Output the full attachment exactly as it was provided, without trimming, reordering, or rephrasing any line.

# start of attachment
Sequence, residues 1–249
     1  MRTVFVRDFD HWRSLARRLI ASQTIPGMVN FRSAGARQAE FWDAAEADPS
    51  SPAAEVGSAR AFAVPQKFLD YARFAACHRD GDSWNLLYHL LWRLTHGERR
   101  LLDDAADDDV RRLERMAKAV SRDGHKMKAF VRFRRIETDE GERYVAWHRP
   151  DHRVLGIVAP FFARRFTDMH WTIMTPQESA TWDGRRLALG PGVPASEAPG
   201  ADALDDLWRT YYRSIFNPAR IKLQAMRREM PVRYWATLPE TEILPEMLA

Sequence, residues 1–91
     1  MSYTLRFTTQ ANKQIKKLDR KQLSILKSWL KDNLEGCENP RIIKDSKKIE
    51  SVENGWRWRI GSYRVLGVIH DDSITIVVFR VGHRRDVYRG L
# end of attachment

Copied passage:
Sequence, residues 1–249
     1  MRTVFVRDFD HWRSLARRLI ASQTIPGMVN FRSAGARQAE FWDAAEADPS
    51  SPAAEVGSAR AFAVPQKFLD YARFAACHRD GDSWNLLYHL LWRLTHGERR
   101  LLDDAADDDV RRLERMAKAV SRDGHKMKAF VRFRRIETDE GERYVAWHRP
   151  DHRVLGIVAP FFARRFTDMH WTIMTPQESA TWDGRRLALG PGVPASEAPG
   201  ADALDDLWRT YYRSIFNPAR IKLQAMRREM PVRYWATLPE TEILPEMLA

Sequence, residues 1–91
     1  MSYTLRFTTQ ANKQIKKLDR KQLSILKSWL KDNLEGCENP RIIKDSKKIE
    51  SVENGWRWRI GSYRVLGVIH DDSITIVVFR VGHRRDVYRG L